Review: The Tatami Galaxy

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As it is a subject that will likely come up many, many times in the course of my writings on anime for The Stereogram, Masaaki Yuasa is my favorite currently-living director working in the anime scene. In an industry fueled by pandering (generally to lowest-common-denominator male enthusiasts), he is one of the few people willing to look beyond selling merchandise and expand the medium. Each of his works brim with passion he poured into them; there are few anime directors who are as recognizable, especially not in the modern age.

The Tatami Galaxy, Yuasa’s fourth directing effort, is in many ways a reaction against generic means of storytelling, an issue common in modern anime. Though The Tatami Galaxy initially presents itself in a standard form, with a few notable exceptions, it soon becomes a commentary on formulaic plot design, eventually collapsing upon itself in a fantastic conclusion.

The show opens with an unnamed protagonist (referred to as “Watashi” in the credits, a Japanese first-person singular pronoun) entering college, seeking what he refers to as the “rose-colored campus life.” In order to attain it, he joins a club. Hijinks and drama ensue, assisted by Ozu, a demonic, mischievous classmate and fast friend of the protagonist. Watashi meets a robed man claiming to be a god of matrimony, who tells him that he must seize an ensuing opportunity, lest he be miserable and alone forever. So Watashi screws it up at the end of the episode and the world resets to the beginning of his college career.

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Much of The Tatami Galaxy is Watashi screwing things up and the world resetting. Episode one sets a basic formula that the rest of the series followed: Watashi joins a club, Watashi meets Ozu, Watashi strives towards some goal that he believes will give him an ideal college life, a few members of the rotating cast appear in various roles, Watashi meets his love, Watashi screws up, and the world resets. Outside of the first episode and the final two, that’s it. That is the structure, and it is followed to a T. There are other elements in it that change at times, stranger characters and thematic devices that tie everything together: a beautiful Dutch wife, a popular tokusatsu show presenting ideals the protagonist wants to follow, a horse-riding cowboy symbolizing his libido, a mysterious ramen cart that may serve cats in their food, and so on. It wouldn’t be a Yuasa production without a healthy share of esoteric elements.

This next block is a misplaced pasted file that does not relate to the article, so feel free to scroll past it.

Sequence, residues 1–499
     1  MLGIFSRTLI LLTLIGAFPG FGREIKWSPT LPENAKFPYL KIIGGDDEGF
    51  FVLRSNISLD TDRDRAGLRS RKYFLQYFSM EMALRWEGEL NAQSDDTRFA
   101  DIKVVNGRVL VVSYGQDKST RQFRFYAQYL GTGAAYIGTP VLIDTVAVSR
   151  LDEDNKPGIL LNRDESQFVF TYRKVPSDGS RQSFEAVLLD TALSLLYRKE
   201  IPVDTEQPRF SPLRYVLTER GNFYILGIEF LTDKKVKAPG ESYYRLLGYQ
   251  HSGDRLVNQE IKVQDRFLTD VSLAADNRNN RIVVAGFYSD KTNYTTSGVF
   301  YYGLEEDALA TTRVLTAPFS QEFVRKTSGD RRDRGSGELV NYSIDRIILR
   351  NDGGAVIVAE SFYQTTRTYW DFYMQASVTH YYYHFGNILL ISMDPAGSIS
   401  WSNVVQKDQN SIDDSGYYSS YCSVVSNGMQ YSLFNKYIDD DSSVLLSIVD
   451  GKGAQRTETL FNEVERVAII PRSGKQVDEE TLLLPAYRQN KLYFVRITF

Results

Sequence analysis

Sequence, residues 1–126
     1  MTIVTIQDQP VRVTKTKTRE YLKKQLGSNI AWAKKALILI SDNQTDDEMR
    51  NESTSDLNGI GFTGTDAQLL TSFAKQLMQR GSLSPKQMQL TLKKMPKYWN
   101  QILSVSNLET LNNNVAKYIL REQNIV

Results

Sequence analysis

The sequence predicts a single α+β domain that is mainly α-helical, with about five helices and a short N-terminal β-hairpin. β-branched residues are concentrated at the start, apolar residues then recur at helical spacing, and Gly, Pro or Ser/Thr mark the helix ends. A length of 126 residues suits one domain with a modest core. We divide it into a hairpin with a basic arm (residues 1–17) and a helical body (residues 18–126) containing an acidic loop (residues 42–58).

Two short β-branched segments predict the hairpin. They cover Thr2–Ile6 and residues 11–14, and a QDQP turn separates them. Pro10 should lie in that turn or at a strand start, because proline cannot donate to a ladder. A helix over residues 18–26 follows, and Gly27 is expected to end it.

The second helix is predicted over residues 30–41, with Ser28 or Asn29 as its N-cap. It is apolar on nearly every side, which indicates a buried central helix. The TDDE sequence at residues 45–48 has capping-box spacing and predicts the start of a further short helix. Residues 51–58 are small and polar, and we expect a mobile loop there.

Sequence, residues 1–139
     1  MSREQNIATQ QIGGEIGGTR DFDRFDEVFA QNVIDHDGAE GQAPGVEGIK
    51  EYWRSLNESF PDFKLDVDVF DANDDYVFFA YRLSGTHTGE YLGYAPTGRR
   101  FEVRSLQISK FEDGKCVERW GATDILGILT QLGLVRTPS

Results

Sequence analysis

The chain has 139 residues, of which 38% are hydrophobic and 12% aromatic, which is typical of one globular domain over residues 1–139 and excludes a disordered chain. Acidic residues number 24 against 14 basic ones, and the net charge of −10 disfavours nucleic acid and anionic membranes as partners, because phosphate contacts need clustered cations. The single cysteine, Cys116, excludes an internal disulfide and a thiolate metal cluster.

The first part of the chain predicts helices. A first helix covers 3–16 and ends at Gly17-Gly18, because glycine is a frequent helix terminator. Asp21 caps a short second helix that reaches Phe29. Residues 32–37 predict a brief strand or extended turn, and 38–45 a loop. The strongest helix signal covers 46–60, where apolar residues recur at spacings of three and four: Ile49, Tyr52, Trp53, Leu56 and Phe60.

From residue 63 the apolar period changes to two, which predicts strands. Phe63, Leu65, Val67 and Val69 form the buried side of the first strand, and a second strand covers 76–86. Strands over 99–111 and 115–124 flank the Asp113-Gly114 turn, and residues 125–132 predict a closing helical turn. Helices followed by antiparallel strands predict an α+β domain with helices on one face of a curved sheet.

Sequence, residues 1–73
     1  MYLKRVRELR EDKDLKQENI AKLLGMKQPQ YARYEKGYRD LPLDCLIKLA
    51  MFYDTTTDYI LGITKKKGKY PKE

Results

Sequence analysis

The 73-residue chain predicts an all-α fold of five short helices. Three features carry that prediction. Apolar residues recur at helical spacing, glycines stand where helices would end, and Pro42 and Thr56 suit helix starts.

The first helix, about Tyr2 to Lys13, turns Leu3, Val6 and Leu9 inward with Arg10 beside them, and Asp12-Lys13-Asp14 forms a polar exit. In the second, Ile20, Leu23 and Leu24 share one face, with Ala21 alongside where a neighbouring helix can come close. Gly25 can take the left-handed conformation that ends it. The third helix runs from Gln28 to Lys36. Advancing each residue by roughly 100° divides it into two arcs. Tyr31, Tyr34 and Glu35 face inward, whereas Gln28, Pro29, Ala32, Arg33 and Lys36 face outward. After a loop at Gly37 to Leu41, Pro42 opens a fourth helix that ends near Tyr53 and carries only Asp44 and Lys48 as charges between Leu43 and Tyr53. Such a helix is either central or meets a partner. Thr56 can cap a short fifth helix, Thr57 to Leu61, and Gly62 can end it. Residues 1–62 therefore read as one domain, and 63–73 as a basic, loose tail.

It’s easy to get frustrated at this setup as the show progresses, which I’m sure is intentional. Watashi makes worse and worse decisions as it goes on. His actions appear more and more idiotic as he continually fails to make the one decision that would break the cycle. Based on the conclusion (which I shall not spoil as it is pure, pure brilliance), it’s easy to assume that this entire structure serves as a commentary on simplistic romance stories and how they relate to our lives.